Black Illinoisans honored with achievement awards at state Capitol

Black Illinoisans honored with achievement awards at state Capitol

Treasurer awards seven for outstanding achievement

Capitol News Illinois

SPRINGFIELD — As February winds down, state officials do not want Illinoisans to forget about Black History Month.

Treasurer Michael Frerichs presented seven high-achieving black Illinoisans with awards Thursday in the state Capitol, as recipients and other speakers celebrated black history and urged the fight for equality to continue.

“This is a critical turning point in our state’s and country’s history,” said keynote speaker Jamel Wright, president of Eureka College, outside Peoria. “We have a responsibility to make our votes count and our voices heard.”

Wright, who became the college’s first black — and female — president in 2017, reflected on the importance of voting rights more than half a century after the Civil Rights Movement.

“While there was deeply rooted racism and resistance in the South,” Wright said, “Illinois’ history is one of leading from the front in terms of voting rights, coalition building and electing African-Americans to office.”

She said this election year is a chance for black voters to “reclaim the ballot,” paying homage to famed civil rights leader Martin Luther King Jr.’s “Give Us The Ballot” speech from 1957.

“Reclaim the ballot because we understand that our fight isn’t only a black fight, it’s not only a woman’s fight. This is a justice fight,” she said, “a fight for the value of civil discourse, respect for humanity, and empowerment of the innovative spirit.”

A wide range of people received awards, from political and labor leaders to a local business owner and a professional athlete. Among the most well-known recipients were professional football player Malik Turner and Decatur school board member, Rev. Courtney Carson.

“I believe that education extends itself outside of the classroom, into the heart of the community,” Carson said.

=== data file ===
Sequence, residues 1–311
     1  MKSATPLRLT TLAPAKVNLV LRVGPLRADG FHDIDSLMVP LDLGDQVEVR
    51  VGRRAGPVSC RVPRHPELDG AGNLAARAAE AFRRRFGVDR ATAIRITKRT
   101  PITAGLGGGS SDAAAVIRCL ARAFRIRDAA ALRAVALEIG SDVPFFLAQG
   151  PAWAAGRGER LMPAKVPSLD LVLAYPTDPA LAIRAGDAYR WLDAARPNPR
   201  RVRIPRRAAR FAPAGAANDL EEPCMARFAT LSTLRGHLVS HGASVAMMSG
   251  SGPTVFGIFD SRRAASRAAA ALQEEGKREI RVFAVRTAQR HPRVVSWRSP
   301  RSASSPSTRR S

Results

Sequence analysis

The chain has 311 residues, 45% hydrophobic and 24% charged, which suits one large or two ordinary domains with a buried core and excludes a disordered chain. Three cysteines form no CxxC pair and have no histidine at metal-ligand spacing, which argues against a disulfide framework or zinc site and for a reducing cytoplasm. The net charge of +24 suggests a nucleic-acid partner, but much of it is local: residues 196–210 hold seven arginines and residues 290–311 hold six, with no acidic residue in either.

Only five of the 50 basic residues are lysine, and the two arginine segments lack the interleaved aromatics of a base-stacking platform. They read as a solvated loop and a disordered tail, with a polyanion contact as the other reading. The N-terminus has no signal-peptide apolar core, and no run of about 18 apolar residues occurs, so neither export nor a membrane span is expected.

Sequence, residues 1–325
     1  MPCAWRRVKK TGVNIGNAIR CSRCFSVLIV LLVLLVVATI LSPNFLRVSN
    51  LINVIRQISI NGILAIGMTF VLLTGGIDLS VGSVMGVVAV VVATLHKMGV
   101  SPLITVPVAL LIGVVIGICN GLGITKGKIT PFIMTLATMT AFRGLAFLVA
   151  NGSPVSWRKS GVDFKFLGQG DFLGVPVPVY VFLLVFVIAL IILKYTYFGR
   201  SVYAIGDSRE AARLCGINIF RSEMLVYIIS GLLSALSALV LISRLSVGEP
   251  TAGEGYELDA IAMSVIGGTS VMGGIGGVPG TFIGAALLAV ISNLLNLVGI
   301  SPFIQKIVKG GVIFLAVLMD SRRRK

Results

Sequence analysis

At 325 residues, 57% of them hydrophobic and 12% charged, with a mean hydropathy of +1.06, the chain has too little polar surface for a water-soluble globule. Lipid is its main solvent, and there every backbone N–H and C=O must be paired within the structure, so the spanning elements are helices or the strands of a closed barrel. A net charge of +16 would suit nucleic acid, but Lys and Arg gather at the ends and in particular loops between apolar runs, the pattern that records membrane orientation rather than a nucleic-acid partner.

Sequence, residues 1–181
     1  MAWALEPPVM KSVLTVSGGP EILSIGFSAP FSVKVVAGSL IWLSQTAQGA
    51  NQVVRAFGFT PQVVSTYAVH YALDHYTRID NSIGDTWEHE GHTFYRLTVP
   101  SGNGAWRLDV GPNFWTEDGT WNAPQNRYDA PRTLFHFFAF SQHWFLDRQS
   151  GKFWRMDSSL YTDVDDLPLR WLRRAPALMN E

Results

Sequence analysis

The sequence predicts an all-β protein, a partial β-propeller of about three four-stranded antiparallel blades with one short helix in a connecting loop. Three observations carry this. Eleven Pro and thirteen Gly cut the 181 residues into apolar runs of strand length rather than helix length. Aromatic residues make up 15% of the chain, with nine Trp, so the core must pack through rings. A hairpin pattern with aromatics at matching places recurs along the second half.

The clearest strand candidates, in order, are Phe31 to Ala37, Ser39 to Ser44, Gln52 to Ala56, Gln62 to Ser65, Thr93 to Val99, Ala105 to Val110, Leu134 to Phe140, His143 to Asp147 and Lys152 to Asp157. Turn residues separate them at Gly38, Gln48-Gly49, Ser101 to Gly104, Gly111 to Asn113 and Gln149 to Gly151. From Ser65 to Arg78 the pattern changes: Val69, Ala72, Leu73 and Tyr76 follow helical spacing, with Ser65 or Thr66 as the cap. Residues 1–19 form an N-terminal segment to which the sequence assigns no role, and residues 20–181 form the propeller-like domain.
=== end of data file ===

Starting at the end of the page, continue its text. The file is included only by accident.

The Decatur native made national headlines in 2017 when he was elected to the board of the school district that once expelled him for gang violence. Now a Baptist preacher and an administrator at Richland Community College, Carson raised awareness of the education and poverty issues facing black people.

“Where I come from, I see historical patterns of poverty, which restricts certain populations to access to prosperity,” he said. “I feel that I’m called by God to fight the objective conditions that hurt, harm and hinder our students’ educational experience.”

Turner, a graduate of Springfield’s Sacred Heart-Griffin High School and the University of Illinois, is a wide receiver for the NFL’s Seattle Seahawks. He said he wants to give back to the community that helped him achieve his goals.

“I hope to accomplish things not just on the field, but off the field. And with the platform I'm given, hopefully I can be seen in this community as more than just an athlete,” Turner said.

Also receiving awards were state Rep. Jehan Gordon-Booth, a Democrat from Peoria; Nikita Richards, a Bloomington resident who serves on the Illinois Council on Women and Girls; Bonnie Hester, who represents AFSCME union retirees on the West Central Illinois Labor Council board; Maurice Bridges, a U.S. Air Force veteran who works with fellow veterans at the Veterans of Foreign Wars; and Andrew Sforza, a barbershop owner in Springfield.

Richards is a U.S. Navy veteran and Chicago native who advocates for the health and safety of young people. She spoke about the importance of empowering young black women.

“None of what we’re doing is for ourselves,” she said, “and we shouldn’t keep it to ourselves. I pray that we all think about the next generation of leaders as we continue this great work.”

The annual celebration organized by the treasurer’s office is held in the Capitol Rotunda, which Frerichs said serves a symbolic purpose.

“This is a building that belongs to all residents of the state,” he said. “That’s where these stories should be heard.”

“Perhaps someone walking through here who did not simply come out for a Black History Month celebration will hear about some of the accomplishments of our honorees today,” Frerichs continued. “In hearing their stories, maybe there might be a group of kids passing through who realize all the different areas where they can succeed.”

Black History Month traces its beginnings to 1926 when black historian Carter Woodson started “Negro History Week.” It was observed during the second week of February to coincide with the birthdays of President Abraham Lincoln and abolitionist Frederick Douglass.

The first monthlong celebration of what has become Black History Month was held in 1970 by a group of black students at Kent State University in Ohio. It was officially recognized as national celebration in 1976 by President Gerald Ford.


Ben OrnerBen Orner

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